Press on Environment and Wildlife
Tamil Nadu to get four more wildlife sanctuaries (May Week #3 (2013))
Making a suo motu statement in the State Assembly, the Chief Minister recalled that already, her government had been implementing the Tamil Nadu Biodiversity Conservation and Greening Project at a cost of `686 crore with financial assistance from the Japan
International Cooperation Agency (JICA). Under this project, during the current financial year, two crore saplings would be planted in 1,000 revenue villages at an expenditure of `97.66 crore, she said and added that `107.96 crore from the assistance given
by the Japan International Cooperation Agency would be utilised for implementing afforestation programmes during 2013-14 and 2014-15. 


Male Mahadeshwara Wildlife Sanctuary comes into being (May Week #3 (2013))
One more wildlife sanctuary will dot Karnataka which already has 22 wildlife sanctuaries.

The State government has officially declared a part of the Kollegala Range Forest as Male Mahadeshwara Wildlife Sanctuary. Off the 1,224 sqkm of the Range forest, 906.18 sqkm (90,618.75 hectares) has been declared as sanctuary.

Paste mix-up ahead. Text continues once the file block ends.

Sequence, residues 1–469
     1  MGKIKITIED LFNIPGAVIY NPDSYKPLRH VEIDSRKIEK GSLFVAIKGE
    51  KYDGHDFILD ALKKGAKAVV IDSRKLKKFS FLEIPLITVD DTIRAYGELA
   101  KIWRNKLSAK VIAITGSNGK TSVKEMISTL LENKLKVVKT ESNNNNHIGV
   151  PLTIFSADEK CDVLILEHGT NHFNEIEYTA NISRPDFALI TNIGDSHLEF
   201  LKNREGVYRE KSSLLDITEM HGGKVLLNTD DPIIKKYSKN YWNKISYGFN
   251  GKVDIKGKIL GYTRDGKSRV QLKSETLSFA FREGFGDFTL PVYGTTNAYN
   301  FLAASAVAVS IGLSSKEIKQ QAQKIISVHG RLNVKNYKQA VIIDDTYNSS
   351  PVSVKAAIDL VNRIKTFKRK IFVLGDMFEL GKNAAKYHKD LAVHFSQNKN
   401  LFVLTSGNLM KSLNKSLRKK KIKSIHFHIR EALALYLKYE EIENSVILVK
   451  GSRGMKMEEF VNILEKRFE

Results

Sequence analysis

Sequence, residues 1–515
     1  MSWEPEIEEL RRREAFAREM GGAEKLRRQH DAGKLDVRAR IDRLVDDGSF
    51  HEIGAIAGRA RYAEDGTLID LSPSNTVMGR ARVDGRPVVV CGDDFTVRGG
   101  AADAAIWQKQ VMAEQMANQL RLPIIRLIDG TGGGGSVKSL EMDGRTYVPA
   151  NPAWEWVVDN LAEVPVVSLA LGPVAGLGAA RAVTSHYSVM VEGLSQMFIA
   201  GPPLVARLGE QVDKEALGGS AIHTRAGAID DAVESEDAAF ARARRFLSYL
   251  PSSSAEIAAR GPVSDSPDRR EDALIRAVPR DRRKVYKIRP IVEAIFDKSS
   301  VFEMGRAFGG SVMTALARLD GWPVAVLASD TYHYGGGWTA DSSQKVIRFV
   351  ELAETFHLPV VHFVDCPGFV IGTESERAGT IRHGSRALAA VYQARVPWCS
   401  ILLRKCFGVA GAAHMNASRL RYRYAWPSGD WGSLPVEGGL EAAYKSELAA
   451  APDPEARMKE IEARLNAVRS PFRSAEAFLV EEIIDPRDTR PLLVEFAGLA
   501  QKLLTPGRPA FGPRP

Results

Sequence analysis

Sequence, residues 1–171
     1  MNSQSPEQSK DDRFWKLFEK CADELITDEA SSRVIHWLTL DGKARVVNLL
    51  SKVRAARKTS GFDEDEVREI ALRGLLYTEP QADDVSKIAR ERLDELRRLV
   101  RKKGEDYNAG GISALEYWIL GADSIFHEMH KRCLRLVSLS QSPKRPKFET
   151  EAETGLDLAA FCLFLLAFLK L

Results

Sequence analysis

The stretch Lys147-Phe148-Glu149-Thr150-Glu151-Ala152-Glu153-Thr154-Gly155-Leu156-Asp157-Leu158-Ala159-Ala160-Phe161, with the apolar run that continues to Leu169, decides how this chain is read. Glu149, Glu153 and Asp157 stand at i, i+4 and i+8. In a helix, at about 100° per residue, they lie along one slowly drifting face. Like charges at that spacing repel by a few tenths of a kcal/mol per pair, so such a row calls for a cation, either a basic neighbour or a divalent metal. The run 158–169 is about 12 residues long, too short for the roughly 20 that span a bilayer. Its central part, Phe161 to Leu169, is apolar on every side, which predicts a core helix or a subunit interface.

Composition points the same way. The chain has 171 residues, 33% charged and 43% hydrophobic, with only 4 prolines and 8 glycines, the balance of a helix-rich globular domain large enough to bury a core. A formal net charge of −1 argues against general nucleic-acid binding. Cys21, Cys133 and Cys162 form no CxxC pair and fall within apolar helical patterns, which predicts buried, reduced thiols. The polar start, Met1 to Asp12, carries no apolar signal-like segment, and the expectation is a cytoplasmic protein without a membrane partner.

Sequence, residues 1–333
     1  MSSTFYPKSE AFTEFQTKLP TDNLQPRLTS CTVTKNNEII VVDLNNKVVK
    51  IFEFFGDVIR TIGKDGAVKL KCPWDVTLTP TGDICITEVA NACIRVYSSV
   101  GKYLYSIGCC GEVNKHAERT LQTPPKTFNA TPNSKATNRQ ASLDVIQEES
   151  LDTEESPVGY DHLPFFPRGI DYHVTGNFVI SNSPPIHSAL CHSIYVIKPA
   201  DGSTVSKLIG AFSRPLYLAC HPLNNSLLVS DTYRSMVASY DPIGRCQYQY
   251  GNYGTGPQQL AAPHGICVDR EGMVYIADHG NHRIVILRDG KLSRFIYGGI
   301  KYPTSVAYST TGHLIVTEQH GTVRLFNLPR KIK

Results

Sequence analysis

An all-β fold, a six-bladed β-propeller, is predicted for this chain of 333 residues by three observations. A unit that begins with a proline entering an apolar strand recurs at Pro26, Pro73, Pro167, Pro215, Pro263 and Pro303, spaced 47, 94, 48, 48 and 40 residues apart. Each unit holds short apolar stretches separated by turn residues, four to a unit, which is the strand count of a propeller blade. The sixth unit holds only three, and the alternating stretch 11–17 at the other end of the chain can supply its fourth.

MAKE IT A BEE IN YOUR BONNET (Issue of the week, May Week #2 (2013))
To many people, these pollinators are simply insects that they see in the garden, but these tiny creatures carry out a vital role in keeping food on our plates. Unfortunately, bees are dying and it's because of human activities

In most cases, since there are no dead bees to examine, the theories we are left with are the usual suspects. From killer mites, to fungus, disease, pesticides, cell phone towers, genetically modified crops and the mysterious ‘colony collapse disorder’.

CCD has a devastating effect, with all the worker bees of a colony disappearing without a trace. This is not new news to us, CCD has been documented for years and it is only now within the past decade or so, the cases have increased to alarming levels,
and recently in Spain and across Europe.

A class of pesticide called neonicotinoids has become extremely controversial of late. Neonicotinoids became popular in the late 90s when they replaced older pesticides. Unlike traditional pesticides neonicotinoids were genetically embedded into seeds